Hey, you should stop running.  You’re too skinny!   There was a group of about twenty riders on horses in the Sodds, and one of the guys thought he was very funny.  ‘I’ll tell you why I’m skin and bones!‘ I wanted to retort.  ‘Because I puked out five pounds along with my Shigella or maybe E. coli or maybe Salmonella.  I *know* I shouldn’t be out here on these wobbly little stick legs.  So maybe YOU should get your fat ass down here and run, and I can ride that pretty horse of yours back to Canaan.‘  But I was way too tired for any sass.  I just stared ahead and willed my wobbly legs up the hill to AS#7.

At AS#7, I made myself at home on a rock and sat eating watermelon and swigging ginger ales, taking in the beautiful view up there.  I was hurting and hadn’t much desire to gut out the rest of the course.  But I had dropped at this very aid station back in 2011, and I knew I couldn’t drop there again.  Furthermore, I was still holding 5th place for Last Shwag.  And, god, all I could think about was how Aaron had sufferfested through the race last year with his Lyme disease, and how lame it would be to drop.  So I ushered myself off the rock and limped along.

The rest of my race was my own version of Sufferfest.  Getting down the ‘butt slide’ was so painful on my IT I almost hyperventilated.  Several other runners showed deep concern, but I assured everyone I was going to make it to the finish.  On the last stretch of road my IT screamed even to walk, and it occurred to me that I might not get to choose whether I finished or not.  My thoughts flickered back to Brian Greeley and how two years ago he’d made me look back like 50 times on that road to make sure no 6th man was coming so he could hold onto his 5th place Last Shwag.  I hurt so bad, I didn’t even care if I got passed at this point.  I just did my sad walk.  But shortly after passing the ‘1-mile left to go’ sign I noticed another woman approaching behind me.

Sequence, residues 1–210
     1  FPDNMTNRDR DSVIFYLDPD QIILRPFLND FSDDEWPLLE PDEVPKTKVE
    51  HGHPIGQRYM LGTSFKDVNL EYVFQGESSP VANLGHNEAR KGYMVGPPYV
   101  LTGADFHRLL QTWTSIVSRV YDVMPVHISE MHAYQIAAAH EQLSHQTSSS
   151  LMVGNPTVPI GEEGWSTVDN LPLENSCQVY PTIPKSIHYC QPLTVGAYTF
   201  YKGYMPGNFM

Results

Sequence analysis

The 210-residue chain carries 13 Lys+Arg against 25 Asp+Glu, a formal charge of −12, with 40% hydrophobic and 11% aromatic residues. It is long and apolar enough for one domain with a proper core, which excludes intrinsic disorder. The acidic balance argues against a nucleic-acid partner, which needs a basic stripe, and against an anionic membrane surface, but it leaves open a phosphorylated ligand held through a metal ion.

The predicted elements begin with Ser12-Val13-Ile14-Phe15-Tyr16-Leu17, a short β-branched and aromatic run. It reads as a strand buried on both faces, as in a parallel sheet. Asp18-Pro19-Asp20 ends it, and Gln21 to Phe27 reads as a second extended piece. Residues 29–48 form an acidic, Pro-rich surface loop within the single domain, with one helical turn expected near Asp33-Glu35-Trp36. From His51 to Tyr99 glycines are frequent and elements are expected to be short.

No, no f-in way.  I am not getting passed in the last mile.  I hadn’t been running the race competitively at all up to that point, stepping aside the whole race to let people pass more easily — men and women alike.  But I had hurt so bad for so long, I had been through so much — from the days of puking to this screaming IT band — my competitive flair kicked in.  With a new surge of adrenaline, I ran the last mile in.  Fortunately there were no downhills.  Well, until the very last 50 meters to the finish, a steep downhill that I managed by turning sideways and pony-galloping down the hill.

Aaron was waiting at the finish line, having had a bit of a Sufferfest himself with nasty heel pain.  I was awarded with a fatty Patagonia jacket (Last Shwag), which I absolutely cherish (so warm!).  It turned out Boots was the woman in 6th, and she came in a minute later for a stellar performance of her own.  Priya came in, and Tom and Kirstin also found their way to the finish line (albeit via a self-designed course).


one of these finishers looks happier than the other…..

My friend Kathy was reported ‘missing’ at one point, but emerged as the last runner to make it under the cut-off (a point of great pride).  I think the tougher the race, the more camaraderie everyone feels at the end, and between the bright sun and the fact that none of us had to run anymore, there were high spirits all around.  In the delirium of his post-run high, Luke invited me and Aaron down to Richmond to ride his ponies.  Luke, we will be taking you up on this offer.

it's a waxwing party in the bogs

it’s a waxwing party in the bogs

Aaron and I enjoy hosting all the Wussies at the Chophouse.  We particularly liked the post-race bird watching activity with Tom and Kirstin on Sunday morning.  We didn’t see any woodpeckers, but there were bobolinks and cedar waxwings and beautiful yellow warblers.  All the hues are brighter in Canaan than in DC.  I think we should start a Wussies for Warblers sub-club.




2 Responses to Skin and Bones

  1. Kirstin says:

    I’m in for the WUSsies for Warblers! Thanks for a great weekend, and my first Bobolink sighting!

  2. Craig Burns says:

    Your friend Katherine forced me to start running at the end as she “was fighting to finish last”.

    Great report, great writing and great effort. You must be fast if you ran with the famous Rick Gray.